The letter keys, and most of the punctuation keys on the computer keyboard in front of you right now are mostly the same as this IBM Selectric, that is, if you live in the USA or Canada. The only punctuation move that I can see is that the shifted 1 key is an Exclamation point on PC keyboards, but it's a plus-minus (±) sign on this IBM Selectric layout. There are no cursor keys. There is no escape key, and the only modifier key (Ctrl,Alt,Meta,Command) is the Shift key.

    The first time I used a computer keyboard, I had to learn about even more additional keys that only appear on a computer. When I was in grade 8, a classmate brought in a "TRS-80" microcomputer. Everybody thought that the red key labelled "Break" was hilarious. "Look at me, I'm BREAKing your computer" the kids yelled at Steve, as they pressed the Break key. We didn't know what it did.

    8-bit Microcomputer Era: The Commodore 64

    I learned to code on a Commodore 64, in BASIC and Assembler, using a keyboard, without a mouse.

    Basic programming was done using line oriented program entry without a text editor, IDE, or anything other than the 4K ROM BASIC that shipped hard-wired into the computer, and which came up automatically when you turned it on.

    The version control system we used was called "save early, and save often, and don't re-use the same file-name twice", and in practice, it looked like this:
    SAVE "PROG032",08 

    I still long for a return to a simpler keyboard. If you do too, you might be interested in the spiritual successor of the Early Hacker Keyboards. One of the best is called the Happy Hacking Keyboard, and if you yearn for simpler days, this might be keyboard nirvana for you. There are also a whole raft of "tenkeyless" keyboards, including the venerable IBM Model M Compact.

    If you are in fact still a Commodore 64 hacker at heart, then what you really want is the all new Commodore 64 X, from the reborn "Commodore USA". This isn't just a keyboard that looks like a Commodore 64, it's an actual modern PC capable of running Windows 7 or Linux, shoved inside the loaf-of-bread size plastic box.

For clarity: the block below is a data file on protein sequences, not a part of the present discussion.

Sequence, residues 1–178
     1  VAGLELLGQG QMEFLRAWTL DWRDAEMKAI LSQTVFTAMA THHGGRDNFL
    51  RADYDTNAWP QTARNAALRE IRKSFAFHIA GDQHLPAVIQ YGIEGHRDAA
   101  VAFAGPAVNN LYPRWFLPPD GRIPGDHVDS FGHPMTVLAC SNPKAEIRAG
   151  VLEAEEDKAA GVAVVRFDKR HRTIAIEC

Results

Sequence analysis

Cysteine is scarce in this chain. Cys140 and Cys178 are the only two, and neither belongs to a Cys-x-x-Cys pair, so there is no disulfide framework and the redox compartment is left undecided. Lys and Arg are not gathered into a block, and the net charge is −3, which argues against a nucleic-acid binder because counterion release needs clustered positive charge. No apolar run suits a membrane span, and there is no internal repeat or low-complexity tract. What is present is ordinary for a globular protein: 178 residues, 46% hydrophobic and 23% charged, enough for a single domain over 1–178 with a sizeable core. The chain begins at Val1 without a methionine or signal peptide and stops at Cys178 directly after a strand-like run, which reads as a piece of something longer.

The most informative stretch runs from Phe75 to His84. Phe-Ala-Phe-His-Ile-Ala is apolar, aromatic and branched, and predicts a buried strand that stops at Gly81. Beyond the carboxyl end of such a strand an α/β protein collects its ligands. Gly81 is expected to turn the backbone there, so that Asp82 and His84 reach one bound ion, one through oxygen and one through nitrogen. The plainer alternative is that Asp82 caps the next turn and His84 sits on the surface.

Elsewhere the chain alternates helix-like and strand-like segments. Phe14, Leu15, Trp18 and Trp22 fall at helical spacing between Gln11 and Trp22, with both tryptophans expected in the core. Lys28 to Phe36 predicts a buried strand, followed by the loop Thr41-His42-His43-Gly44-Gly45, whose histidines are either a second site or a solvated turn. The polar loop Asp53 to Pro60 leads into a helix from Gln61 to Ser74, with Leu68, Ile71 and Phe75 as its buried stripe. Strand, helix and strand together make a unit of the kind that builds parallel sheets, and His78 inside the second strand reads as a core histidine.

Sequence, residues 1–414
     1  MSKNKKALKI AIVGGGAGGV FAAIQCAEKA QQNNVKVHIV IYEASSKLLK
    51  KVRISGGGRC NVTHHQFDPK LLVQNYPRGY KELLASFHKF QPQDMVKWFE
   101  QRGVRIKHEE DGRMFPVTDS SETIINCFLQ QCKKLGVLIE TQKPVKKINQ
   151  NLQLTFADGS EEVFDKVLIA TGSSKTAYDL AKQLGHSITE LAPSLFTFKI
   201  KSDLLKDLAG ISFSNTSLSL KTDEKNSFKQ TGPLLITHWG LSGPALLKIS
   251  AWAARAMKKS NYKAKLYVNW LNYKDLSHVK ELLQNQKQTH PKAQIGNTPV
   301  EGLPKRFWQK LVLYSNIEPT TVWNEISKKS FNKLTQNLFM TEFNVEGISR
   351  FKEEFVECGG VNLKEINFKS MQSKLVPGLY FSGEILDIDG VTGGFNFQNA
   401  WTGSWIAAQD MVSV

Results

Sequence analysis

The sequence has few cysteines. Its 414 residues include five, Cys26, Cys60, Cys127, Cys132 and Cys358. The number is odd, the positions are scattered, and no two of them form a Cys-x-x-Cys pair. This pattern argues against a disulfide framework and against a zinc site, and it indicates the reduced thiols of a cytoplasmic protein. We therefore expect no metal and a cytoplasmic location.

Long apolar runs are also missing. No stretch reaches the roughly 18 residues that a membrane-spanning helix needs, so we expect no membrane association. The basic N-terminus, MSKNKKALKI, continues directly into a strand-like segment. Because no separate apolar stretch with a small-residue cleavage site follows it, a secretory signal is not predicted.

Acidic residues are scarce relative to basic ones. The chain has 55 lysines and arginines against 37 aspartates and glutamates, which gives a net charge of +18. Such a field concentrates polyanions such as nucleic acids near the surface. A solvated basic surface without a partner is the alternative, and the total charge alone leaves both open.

88 and 101 Key PC Keyboards (1987-1994)

    Like most people who had 8 bit computers, I bought my first PC clone in the late 1980s. I never owned an IBM-branded computer, I used a series of clones, and their clone keyboards, and I adjusted each time to slight differences in the keyboard layout. At some point after the introduction of the IBM PC AT, powered by an Intel 80286, the backslash key moved to the position above the enter key, and stayed there, and a lot of programmers like me got used to that position, because the backslash is the path separator in DOS, and the special-character-in-a-string-literal code in the C family of programming languages. I did not love, and did not hate any of these keyboards. When Windows 3.1 came out, I did not immediately add "using a mouse" to my programming techniques. I used DOS-based IDEs to write software, and became proficient in the use of hundreds of keyboard shortcuts. `Shift+F8` meant "Run until return" in Turbo Pascal, and is still the default shortcut for that feature in Delphi today.